Intel Corp. was hit with a lawsuit by the Wisconsin Alumni Research Foundation alleging that the chip maker used a WARF invention in its processor architectures, including the popular Core 2 Duo.
The patent-infringement lawsuit, filed Wednesday in U.S. District Court for the Western District of Wisconsin, alleges that Intel implemented in many of its chips a University of Wisconsin, Madison, invention of a circuit that executes instructions to speed up processor performance.
The patent, titled "Table based data speculation circuit for parallel processing computer," was awarded to four university researchers in 1998.
Intel did not respond to requests for comment.
WARF is looking for an undisclosed amount of compensation from Intel and an order for the company to stop selling certain processors, including the Core 2 Duo chip. A court date for legal proceedings has not been set, said Janet Kelly, communications director at WARF.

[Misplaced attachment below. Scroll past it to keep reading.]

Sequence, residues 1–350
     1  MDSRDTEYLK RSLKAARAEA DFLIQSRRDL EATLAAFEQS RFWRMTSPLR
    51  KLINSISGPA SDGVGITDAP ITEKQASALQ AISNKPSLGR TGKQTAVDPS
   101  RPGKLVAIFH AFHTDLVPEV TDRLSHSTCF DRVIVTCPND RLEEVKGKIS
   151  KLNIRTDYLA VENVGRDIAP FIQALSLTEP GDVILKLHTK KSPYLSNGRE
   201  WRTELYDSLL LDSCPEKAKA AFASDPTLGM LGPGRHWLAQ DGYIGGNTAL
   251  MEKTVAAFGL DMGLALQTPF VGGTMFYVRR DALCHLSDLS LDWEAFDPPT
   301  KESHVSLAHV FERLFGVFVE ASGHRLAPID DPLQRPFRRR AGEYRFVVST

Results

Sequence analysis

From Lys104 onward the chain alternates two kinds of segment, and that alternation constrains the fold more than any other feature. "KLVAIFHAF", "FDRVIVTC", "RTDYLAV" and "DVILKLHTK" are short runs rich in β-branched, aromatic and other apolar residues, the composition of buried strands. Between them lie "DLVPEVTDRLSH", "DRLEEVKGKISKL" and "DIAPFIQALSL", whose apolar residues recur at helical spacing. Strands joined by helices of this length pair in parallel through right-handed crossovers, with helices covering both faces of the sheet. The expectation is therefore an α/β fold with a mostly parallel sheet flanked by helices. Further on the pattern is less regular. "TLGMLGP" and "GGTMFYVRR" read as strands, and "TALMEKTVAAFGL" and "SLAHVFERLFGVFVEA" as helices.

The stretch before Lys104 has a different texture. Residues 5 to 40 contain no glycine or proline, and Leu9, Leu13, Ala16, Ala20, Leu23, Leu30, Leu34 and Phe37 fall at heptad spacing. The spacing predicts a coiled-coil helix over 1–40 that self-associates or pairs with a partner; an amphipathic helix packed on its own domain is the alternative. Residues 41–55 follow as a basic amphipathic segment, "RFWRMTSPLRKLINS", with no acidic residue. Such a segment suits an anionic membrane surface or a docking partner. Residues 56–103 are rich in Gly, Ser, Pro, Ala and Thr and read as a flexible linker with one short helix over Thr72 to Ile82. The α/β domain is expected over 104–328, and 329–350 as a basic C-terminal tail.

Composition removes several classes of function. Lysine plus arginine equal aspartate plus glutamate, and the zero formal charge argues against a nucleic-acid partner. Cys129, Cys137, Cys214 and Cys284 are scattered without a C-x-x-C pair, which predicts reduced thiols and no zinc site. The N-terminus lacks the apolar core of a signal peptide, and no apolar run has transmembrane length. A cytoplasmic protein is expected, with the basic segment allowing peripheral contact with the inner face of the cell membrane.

WARF is not a part of the University of Wisconsin, Madison, but a private organization that patents and licenses inventions of the university, Kelly said.
Intel has refused to enter into a license agreement with WARF related to the patent, a court document said. The organization has made repeated attempts to offer Intel legal licensing opportunities for the technology, WARF said in a statement.
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